Download as One Story About School Desegregation by Florence Coleman Bryant as a PDF.
This work was originally published as a strip-bound typescript book in 2004, and I know of only two copies that still exist. This is a phenomenal story about the the bravery of many residents of Charlottesville to assert their right to equal public resources. Despite several attempts, I was unable to get in contact with Ms. Bryant to get permission to reprint this, but after careful consideration, I think she would want her words and this story to be more widely available.
This work tells the complex story of desegregation in Charlottesville. A simplistic interpretation of events is that Charlottesville was on the forefront of integration, and therefore became one of 3 school divisions in Virginia to have schools closed by Gov. Almond as part of the “Massive Resistance” campaign against desegregation. A truthful account tells how brave Black parents and students fought against a united School Board and City Council (along with most white residents) to desegregate schools, gathering numerous Federal court orders to requiring Venable Elementary and Lane High School to admit Black students. This triggered Gov. Almond to close both schools for the fall of 1958, and after months of wrangling, reopening in February 1959 as the “Charlottesville Twelve” entered. Johnson Elementary desegregated in 1962, and all schools began 1966 with geographic attendance zones rather than racial. However, residential segregation still affects the composition of these schools to this day, and internal segregation through the gifted programs and tracking has only recently been started to be addressed.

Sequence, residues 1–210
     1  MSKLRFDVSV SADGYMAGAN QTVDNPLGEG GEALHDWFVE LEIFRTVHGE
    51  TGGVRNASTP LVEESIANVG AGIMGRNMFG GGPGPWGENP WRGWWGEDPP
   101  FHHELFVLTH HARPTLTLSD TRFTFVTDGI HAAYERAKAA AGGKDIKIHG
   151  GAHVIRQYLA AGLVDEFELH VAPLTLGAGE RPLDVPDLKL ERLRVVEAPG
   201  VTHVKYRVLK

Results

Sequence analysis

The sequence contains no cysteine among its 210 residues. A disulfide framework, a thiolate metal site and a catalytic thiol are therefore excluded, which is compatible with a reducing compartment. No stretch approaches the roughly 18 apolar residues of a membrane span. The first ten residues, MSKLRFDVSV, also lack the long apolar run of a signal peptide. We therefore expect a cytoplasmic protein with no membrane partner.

I hope you find this story as interesting and meaningful as I do.
Mrs. Bryant also gave an interview in 1987 about her work in Charlottesville schools for the documentary The Road to Brown : the untold story of “the man who killed Jim Crow”, the uncut footage of which is here: